Jeremy Smith's blog

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Catalyst: First Impressions

Last night, I made my way through the perl.com Catalyst tutorial. I had been meaning to do this for a while. Actually, I had been meaning to do this with Ruby on Rails; but I ♥ CPAN too much, so I gave Catalyst a shot.

Wow!

I mean WOW!

I've fallen behind on my web development methodologies. Frankly, because I don't really do that many built-from-the-ground-up totally-in-house web applications, anymore. Back, before I worked at ITS, I worked at Weatherhead in ITG. Back then, that's all I did. Nowadays, working in ITS for Middleware Engineering, I spend most of my time creating middleware frameworks, doing ops on various systems, or taking already created open/available source projects/products that solve 80% of my problem and dig into their internals or use their plugin frameworks to adapt them better to Case and fill in the final 20%. So, that's why I have fallen behind; I just don't do it anymore. And, when I do do it; I am usually already waist dip in an existing product's code as was the case with Movable Type.

Regardless, it was time to freshen up the old skill set. Plus, I am unabashedly a geek; so this kind of thing actually appeals to me.

My first task was to install it. I have 97 computers at home, but 96 of them are in various states of disrepair or have been discarded entirely. This leaves me with my Windows laptop. The computer already had ActiveState's ActivePerl on it; but that's not saying too much because PPM, the Win32 package manager work-a-like to CPAN.pm, doesn't always "work," so much. But, according to Hey there windows user! Wanna try Catalyst? entry in Draven's journal, it was just a matter of:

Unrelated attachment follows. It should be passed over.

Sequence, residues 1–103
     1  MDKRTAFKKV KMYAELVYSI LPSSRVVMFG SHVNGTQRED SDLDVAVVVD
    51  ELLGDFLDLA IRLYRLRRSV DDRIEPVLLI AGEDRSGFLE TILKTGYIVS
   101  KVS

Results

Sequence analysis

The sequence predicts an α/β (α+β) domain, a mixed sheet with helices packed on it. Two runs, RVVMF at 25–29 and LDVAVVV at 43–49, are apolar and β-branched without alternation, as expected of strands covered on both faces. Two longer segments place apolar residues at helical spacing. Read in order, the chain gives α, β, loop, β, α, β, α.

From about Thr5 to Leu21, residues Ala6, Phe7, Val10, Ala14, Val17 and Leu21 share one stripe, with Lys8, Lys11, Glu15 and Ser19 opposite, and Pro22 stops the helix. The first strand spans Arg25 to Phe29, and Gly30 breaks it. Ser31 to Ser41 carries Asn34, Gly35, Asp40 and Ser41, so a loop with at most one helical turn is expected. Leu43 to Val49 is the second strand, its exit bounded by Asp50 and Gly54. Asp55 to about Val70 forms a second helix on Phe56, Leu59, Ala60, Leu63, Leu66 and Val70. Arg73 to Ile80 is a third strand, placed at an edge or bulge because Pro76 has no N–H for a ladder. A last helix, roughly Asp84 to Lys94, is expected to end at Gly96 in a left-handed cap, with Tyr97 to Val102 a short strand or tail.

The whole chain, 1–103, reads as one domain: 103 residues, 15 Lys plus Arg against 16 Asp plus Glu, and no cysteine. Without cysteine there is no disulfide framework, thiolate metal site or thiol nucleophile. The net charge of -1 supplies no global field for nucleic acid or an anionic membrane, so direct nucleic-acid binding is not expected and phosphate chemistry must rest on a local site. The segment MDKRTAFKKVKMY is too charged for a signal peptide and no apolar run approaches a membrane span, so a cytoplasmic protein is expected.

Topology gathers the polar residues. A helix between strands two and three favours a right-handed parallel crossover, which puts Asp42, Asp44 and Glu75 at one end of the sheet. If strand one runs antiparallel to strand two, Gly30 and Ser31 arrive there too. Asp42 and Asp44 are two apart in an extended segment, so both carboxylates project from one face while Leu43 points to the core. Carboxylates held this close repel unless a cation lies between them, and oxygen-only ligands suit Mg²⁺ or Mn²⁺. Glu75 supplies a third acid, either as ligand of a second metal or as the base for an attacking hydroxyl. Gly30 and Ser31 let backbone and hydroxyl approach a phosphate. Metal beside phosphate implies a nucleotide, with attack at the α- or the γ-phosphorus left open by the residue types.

ppm> install Module::Build
ppm> repository add Theoryx5 http://theoryx5.uwinnipeg.ca/ppms/
ppm> repository add Catalyst http://home.ngmedia.net/chansen/catalyst/ppms/
ppm> install Catalyst

This "sorta" worked. It installed Catalyst, but after much futzing, I realized I had to manually upgrade HTTP::Headers and manually ppm install Catalyst::Model::CDBI::CRUD, Catalyst::Model::CDBI::Plain, and Catalyst::Model::CDBI::Sweet.

Okay, but after that, everything went swimmingly.

And, who would have thought that MVC web frameworks have become so powerful that a simple two page article on perl.com can have you running a completely functional AJAX-ified wiki in minutes. That's where the WOW! part came in.

I should have done this a long time ago. After going through the steps, it was seriously a web development epiphany. It seems foolish to be using anything but a framework like this for any (and I mean any) web development work. And, this will already add to my above normal levels of hubris as I scoff at others who haven't adopted a framework like this.

Comments

  1. gravatar

    I checked out the documentation and it looks like the epiphany you speak of relates very much to the discussion we had not too long ago on that LAMP posting -- specifically the posts about serving files vs. serving methods. Looks very similar to Ruby on Rails, CherryPy, & Subway [but with more punctuation ;)]. Can't wait to see what you come up with this framework.

  2. gravatar

    ...

    Did you say 97 computers??

  3. gravatar

    "97" is my arbitrary large number. Any quantity greater than 3 is "97."

    You can have none.
    You can have one.
    You can have a pair.
    There can be three of something.
    Anything greater than that means you have 97.

  4. gravatar

    About installing Catalyst by using ppm...
    Using the commands you have in the textarea might generate a problem. I mean those trailing slashes in the lines adding the repositories.
    (http://aspn.activestate.com/ASPN/Mail/Message/ppm/1596051)

  5. gravatar

    I got an error when trying to install Catalyst:

    Error: no suitable installation target found for package Catalyst.